The CPU Feature tab contains the energy saving features for the Intel CPU. C1E, Intel Speedstep, Thermal control are some of the items found here. The System Voltages tab contains all the voltage adjustments. These adjustments can be left on auto or tweaked for maximum overclocking, the choice is yours. Vdroop control is there to help remove any voltage under shoot under load. CPU voltage is available to 2.0 volts, CPU FSB to 1.65, Memory to 3.075 volts! That's double the JEDEC specification and then some. The SPP goes up to 1.57, the MCP to 1.75 and the PLL volts to 1.90. The GTLRF voltage adjustments can be set to allow for a higher stable overclock using lower voltages on the critical components. It's best to read up on the effects of this adjustment as you can get off track pretty quickly.






As you can see the BIOS is laid out nicely and includes many of the voltage and memory settings that enthusiasts demand to get the most from the available hardware.



Putting the shiny new board into that self modded chassis just won't make this board stand up and give you world dominating performance. You have to do a couple of things to make that happen. First is to install the operating system then the drivers (instruction set that tells the hardware how to do its work the fastest and most efficient way possible). To start, of course, you will need to insert the supplied driver disc into the optical drive of your choice and let the autorun feature start the operation or start it manually.

Once the installation GUI pops up you have several options to chose from. Install the motherboard drivers, install the audio drivers, install the SATA controller drivers, make a RAID installation disk, install Adobe Reader and View the CD manual. I started off installing the motherboard drivers. Once installed then you can follow that up with all of the available items you need for your build.
















Additional items that can be checked out include links to the EVGA website to register your board, visit the gaming page, view the EVGA forum moderators' rigs to give you some buildup ideas.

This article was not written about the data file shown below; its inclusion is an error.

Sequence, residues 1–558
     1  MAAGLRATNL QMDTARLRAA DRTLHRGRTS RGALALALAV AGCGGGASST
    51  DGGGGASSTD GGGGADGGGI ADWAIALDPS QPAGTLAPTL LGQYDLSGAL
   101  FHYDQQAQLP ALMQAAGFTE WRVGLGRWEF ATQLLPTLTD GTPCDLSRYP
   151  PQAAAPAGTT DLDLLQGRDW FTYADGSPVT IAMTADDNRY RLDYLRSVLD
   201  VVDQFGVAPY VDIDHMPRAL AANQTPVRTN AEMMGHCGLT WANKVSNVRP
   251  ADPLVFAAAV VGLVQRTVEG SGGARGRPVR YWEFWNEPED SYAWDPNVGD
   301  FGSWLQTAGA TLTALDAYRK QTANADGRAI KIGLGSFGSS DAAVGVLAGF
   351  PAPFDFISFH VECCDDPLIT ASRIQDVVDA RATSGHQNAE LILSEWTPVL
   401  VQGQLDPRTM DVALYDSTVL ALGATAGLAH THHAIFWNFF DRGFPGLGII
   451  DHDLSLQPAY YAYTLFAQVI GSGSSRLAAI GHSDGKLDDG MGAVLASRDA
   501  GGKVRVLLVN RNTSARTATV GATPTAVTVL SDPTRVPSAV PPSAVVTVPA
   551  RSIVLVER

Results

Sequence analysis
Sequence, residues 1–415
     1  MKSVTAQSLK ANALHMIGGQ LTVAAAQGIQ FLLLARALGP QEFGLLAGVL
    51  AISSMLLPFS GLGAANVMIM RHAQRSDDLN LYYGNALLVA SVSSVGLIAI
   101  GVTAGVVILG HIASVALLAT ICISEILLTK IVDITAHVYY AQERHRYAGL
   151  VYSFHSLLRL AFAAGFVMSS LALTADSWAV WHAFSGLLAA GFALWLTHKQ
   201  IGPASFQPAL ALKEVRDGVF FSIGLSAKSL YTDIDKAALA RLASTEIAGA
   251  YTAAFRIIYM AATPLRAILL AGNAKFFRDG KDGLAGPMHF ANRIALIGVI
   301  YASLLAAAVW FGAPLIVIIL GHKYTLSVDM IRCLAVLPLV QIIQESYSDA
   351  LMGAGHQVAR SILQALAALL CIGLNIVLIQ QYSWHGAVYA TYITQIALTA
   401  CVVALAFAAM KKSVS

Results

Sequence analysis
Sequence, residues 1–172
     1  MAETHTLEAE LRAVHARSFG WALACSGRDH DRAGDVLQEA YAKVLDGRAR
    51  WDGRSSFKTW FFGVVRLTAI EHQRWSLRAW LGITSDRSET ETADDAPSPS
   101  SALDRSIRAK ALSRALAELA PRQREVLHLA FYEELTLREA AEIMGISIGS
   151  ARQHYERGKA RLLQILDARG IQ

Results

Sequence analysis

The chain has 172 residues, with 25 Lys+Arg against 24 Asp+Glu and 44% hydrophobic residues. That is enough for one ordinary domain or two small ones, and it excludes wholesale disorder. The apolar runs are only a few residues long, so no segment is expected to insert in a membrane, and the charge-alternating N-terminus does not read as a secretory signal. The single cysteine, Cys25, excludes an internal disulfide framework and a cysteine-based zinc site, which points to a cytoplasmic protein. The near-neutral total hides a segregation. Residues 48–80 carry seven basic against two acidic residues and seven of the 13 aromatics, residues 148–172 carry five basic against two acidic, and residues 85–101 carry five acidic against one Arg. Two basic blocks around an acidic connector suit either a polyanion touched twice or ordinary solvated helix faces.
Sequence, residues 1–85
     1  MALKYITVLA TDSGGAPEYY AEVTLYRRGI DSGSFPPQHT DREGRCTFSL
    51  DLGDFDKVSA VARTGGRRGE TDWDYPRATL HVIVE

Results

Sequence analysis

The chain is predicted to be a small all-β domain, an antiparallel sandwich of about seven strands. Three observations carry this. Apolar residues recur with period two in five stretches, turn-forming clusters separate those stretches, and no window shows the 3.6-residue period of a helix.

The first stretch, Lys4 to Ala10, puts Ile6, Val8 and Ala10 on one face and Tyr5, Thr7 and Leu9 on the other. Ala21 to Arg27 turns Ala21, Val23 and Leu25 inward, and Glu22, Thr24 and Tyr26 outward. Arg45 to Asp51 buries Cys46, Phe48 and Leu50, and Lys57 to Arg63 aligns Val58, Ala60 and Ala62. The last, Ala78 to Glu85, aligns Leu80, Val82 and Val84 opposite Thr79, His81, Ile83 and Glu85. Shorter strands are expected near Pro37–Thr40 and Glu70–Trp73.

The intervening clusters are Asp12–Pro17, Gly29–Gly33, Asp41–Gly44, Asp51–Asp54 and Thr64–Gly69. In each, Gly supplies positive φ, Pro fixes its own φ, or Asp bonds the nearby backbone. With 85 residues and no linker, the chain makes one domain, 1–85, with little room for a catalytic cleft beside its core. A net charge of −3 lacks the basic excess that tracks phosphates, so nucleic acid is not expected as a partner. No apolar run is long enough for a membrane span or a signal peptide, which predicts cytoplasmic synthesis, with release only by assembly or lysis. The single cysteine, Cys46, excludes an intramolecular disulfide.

ATX form factor of 12 inches x 9.6 inches

Microprocessor support

Intel Core 2 Extreme, Intel Core 2 Quad, Intel Core 2 Duo, Pentium EE, Pentium D, Pentium

Operating systems:

Supports Windows XP 32bit/64bit and Windows Vista 32bit/64bit

Contains NVIDIA nForce 790i SLI MCP and SPP
System Memory support

Supports dual channel JEDEC DDR3-1600MHz and SLI-Ready memory up to 2000 MHz. Supports up to 8 GBs of DDR3 memory.

Ten USB 2.0 Ports

ØSupports hot plug


Ø Ten USB 2.0 ports (six rear panel ports, two 10-pin onboard USB headers)


Ø Supports wake-up from S1 and S3 mode


Ø Supports USB 2.0 protocol up to 480 Mbps transmission rate

Onboard Serial ATA II
Ø 300MBps data transfer rate

Ø Six Serial ATA II connectors from south bridge with support for RAID 0, RAID 1, RAID 0+1, RAID 5, and JBOD


Ø Four Serial ATA II connectors from JMicron’s JMB362 (one rear panel port for eSATA, three onboard)


Ø Supports hot plug and NCQ (Native Command Queuing )

Onboard LAN

Ø Dual LAN interface built-in onboard


Ø Supports 10/100/1000 Mbit/sec Ethernet

Onboard 1394
Ø Supports hot plug

Ø Two 1394a ports (one rear panel port, one onboard header) with rate of transmission at 400 Mbps

Onboard Audio
Ø Azalia High-Definition audio
Ø Supports 8-channel audio
Ø Supports S/PDIF output
Ø Supports Jack-Sensing function
Triple PCI Express x16 Support
Ø 2 x16 PCI Express 2.0
Ø 1 x16 PCI Express 1.0

Ø Supports 4 GB/sec (8 GB/sec concurrent) bandwidth


Ø Low power consumption and power management features

Green Function

Ø Supports ACPI (Advanced Configuration and Power Interface)


Ø Supports S0 (normal), S1 (power on suspend), S3 (suspend to RAM), S4 (Suspend to disk - depends on OS), and S5 (soft - off)

Expansion Slots
Ø Two PCI slots
Ø Two PCI Express x1 slot

Ø Three PCI Express x16 Graphics slots





The information onthis page was compiled from information at both EVGA and Nvidia's websites.